by Lewis Read
Even when the conditions are against you there are plenty of carp to be caught. Now’s the time to use the quieter banks and shorter daylight hours to your advantage.
Potter and Mavis
UK PB: 47lb 12oz
Sponsors: Gardner Tackle and Carp Company
If fishing nights, take a
five-season sleeping bag
and a bedchair cover
A headtorch with spare
batteries. Take a spare
torch too just in case.
You must wear/take
some warm, waterproof
Catching carp consistently through the colder months requires a different approach and mindset from the rest of the year. The carp are harder to find, rarely willing to feed with any gusto, and if you’re not suitably prepared the bankside can be a pretty uncomfortable place to spend your time.
It sounds grim but all is far from being lost. In fact, the changes in weather, and subsequent changes in the carp’s behaviour, will work in your favour providing you know how to take advantage of the situation. I love the winter season, and really enjoy the advantages of fewer anglers on the bank and the distinct lack of bloodsucking insects.
The major factor that dictates a need for a dedicated winter approach is the dramatic reduction in the carp’s feeding patterns. They’ll feed for much shorter, often very defined, periods and in localised areas. Bite times differ from one venue to the next, but generally they’re somewhere between dawn and dusk, rather than in the middle of the night. This means that you can actually enjoy a social life in winter – catching up with your nonfishing friends, or even spending time with the family, while still being on the bank at the most productive times. The key is to identify these feeding periods and tailor your approach to take advantage of them.
You might only need to spend three or four hours at the venue to make the most of that day. This is all well and good on a water that you fish regularly and keep in touch with, because finding out where and when the carp are being caught will be relatively easy; you can ask the other venue regulars and go on past experiences. On unfamiliar waters, though, the best way to determine the bite times is with a little trial and error. If you can spare the time, spend a few longer sessions at your chosen water and, going on your own successes and that of those around you, a pattern will quickly form.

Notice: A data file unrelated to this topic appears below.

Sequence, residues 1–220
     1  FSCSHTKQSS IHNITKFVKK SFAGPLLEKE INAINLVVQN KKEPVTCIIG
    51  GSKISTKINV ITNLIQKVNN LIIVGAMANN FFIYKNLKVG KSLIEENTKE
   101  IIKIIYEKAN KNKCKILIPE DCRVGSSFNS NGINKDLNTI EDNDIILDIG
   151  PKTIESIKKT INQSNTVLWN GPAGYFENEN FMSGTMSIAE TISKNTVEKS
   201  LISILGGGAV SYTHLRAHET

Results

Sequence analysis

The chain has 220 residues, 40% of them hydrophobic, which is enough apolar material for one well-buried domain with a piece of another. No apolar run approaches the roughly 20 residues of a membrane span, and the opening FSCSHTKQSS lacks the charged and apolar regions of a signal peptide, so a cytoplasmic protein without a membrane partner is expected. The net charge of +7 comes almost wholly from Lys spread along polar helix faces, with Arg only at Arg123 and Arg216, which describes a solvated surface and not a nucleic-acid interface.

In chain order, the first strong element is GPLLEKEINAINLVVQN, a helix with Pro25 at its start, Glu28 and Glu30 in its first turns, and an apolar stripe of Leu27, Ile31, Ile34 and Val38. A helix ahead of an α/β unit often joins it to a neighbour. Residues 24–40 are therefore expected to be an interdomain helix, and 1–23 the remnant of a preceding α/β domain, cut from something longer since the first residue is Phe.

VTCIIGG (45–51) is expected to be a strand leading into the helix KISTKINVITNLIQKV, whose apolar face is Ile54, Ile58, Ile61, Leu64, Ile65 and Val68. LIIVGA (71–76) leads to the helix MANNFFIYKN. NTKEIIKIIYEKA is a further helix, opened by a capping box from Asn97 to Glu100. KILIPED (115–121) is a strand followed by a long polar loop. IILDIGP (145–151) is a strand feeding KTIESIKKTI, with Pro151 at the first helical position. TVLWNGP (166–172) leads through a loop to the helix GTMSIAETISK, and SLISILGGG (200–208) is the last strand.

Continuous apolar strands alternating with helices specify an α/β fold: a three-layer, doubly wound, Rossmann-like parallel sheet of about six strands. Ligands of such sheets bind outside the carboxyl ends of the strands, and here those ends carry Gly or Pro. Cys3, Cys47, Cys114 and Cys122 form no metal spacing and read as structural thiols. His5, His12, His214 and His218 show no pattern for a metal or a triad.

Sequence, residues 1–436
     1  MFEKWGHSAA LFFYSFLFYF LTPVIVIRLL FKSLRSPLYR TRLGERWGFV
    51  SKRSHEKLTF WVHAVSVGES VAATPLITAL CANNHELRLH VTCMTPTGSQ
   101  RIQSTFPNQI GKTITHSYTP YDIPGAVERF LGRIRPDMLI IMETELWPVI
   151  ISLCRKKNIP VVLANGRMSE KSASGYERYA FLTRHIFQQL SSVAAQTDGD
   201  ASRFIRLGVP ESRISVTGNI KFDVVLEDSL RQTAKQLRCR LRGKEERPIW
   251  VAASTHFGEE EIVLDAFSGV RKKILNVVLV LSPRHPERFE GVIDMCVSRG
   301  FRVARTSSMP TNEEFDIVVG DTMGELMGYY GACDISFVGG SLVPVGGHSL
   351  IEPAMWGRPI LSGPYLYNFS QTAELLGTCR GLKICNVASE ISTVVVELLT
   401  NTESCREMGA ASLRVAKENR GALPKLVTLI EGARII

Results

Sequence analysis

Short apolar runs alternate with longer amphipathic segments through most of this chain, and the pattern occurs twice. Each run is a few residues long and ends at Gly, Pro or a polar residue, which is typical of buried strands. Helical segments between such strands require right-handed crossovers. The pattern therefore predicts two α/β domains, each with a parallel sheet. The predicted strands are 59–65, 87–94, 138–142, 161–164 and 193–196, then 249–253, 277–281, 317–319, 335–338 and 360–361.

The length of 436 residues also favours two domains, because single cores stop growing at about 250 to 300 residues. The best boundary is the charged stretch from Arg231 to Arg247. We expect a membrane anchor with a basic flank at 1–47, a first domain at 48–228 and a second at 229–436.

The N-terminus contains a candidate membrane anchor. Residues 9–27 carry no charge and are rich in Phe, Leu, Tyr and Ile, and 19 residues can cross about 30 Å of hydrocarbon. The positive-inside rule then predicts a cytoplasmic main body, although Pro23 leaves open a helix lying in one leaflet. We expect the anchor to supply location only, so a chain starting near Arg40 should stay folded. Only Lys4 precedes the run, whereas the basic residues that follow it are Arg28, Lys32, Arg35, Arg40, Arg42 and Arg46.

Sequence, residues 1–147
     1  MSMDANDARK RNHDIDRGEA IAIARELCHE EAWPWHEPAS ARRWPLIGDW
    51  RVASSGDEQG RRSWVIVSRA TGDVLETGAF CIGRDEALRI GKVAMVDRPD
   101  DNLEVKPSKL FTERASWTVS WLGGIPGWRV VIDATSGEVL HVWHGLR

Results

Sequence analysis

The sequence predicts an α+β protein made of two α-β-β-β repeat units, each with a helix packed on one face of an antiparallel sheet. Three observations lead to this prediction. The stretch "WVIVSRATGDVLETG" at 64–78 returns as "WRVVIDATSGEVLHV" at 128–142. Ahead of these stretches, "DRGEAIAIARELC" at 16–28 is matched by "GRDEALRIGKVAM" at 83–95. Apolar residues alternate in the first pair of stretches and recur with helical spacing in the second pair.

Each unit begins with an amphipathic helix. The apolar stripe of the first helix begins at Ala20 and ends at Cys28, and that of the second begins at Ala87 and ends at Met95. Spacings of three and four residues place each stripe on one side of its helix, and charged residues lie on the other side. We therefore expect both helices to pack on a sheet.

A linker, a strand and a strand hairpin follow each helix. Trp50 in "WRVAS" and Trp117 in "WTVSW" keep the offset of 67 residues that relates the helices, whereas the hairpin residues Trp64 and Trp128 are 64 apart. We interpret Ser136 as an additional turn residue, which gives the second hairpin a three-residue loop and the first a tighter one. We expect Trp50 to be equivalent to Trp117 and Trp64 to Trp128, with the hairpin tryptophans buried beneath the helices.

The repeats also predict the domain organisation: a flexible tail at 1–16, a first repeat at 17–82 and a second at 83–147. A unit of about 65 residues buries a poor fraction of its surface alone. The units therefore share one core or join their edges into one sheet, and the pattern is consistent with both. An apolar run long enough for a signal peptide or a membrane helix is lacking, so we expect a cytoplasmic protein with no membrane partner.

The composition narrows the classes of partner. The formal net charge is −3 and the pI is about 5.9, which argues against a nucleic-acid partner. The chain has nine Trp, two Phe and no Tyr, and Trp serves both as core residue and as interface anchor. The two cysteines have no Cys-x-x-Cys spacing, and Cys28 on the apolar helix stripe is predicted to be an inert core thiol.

From late November, if the weeks leading up to it have been cold, throughout the winter, these bite times will remain fairly consistent. Therefore your sessions can be tailored around having your traps in position for these specific periods, right through until the days start to draw out again in March. Be on the look out for subtle signs of activity. You may not get a bite but small indications at a particular time of the day may signify periods of maximum activity.
Light intensity is the biggest factor in altering the carp’s behaviour, when coming out of winter, as opposed to just the slowly increasing water temperature. From my observations, I don’t believe that the limited hours of winter sunlight have enough intensity to alter the water temperature in a 24-hour period on venues with a reasonable depth. The only exception to this is when there’s a strong, warm wind blowing that turns the water over and does actually increase the temperature, albeit only slightly. This actually goes against the theory that still, sunny, winter days warm the water.
The only major change over the course of a day is the light levels and this is what dictates when and to what extent the carp will feed. Again, each venue is different, but the one factor that’s universal in this respect is that when the days draw out in March the carp will feed to a much greater extent than in similar conditions and temperatures in the months previous. Along with the time of day in which the carp feed, you will need to identify the locations that they are willing feed. These can be extremely localised, which initially makes finding them a little tricky. Once you do, the same areas will generally keep producing.